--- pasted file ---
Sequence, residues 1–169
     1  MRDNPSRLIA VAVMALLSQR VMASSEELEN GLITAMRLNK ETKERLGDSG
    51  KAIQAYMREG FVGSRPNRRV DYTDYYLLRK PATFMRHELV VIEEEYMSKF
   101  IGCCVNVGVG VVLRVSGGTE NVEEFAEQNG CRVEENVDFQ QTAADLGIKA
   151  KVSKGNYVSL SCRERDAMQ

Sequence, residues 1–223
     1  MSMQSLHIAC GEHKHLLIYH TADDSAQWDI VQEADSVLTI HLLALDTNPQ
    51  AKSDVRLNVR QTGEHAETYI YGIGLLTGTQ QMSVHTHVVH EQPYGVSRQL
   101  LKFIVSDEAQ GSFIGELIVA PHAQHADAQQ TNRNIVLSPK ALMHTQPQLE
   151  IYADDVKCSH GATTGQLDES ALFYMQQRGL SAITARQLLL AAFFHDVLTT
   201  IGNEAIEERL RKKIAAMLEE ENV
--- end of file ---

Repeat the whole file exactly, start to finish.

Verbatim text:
Sequence, residues 1–169
     1  MRDNPSRLIA VAVMALLSQR VMASSEELEN GLITAMRLNK ETKERLGDSG
    51  KAIQAYMREG FVGSRPNRRV DYTDYYLLRK PATFMRHELV VIEEEYMSKF
   101  IGCCVNVGVG VVLRVSGGTE NVEEFAEQNG CRVEENVDFQ QTAADLGIKA
   151  KVSKGNYVSL SCRERDAMQ

Sequence, residues 1–223
     1  MSMQSLHIAC GEHKHLLIYH TADDSAQWDI VQEADSVLTI HLLALDTNPQ
    51  AKSDVRLNVR QTGEHAETYI YGIGLLTGTQ QMSVHTHVVH EQPYGVSRQL
   101  LKFIVSDEAQ GSFIGELIVA PHAQHADAQQ TNRNIVLSPK ALMHTQPQLE
   151  IYADDVKCSH GATTGQLDES ALFYMQQRGL SAITARQLLL AAFFHDVLTT
   201  IGNEAIEERL RKKIAAMLEE ENV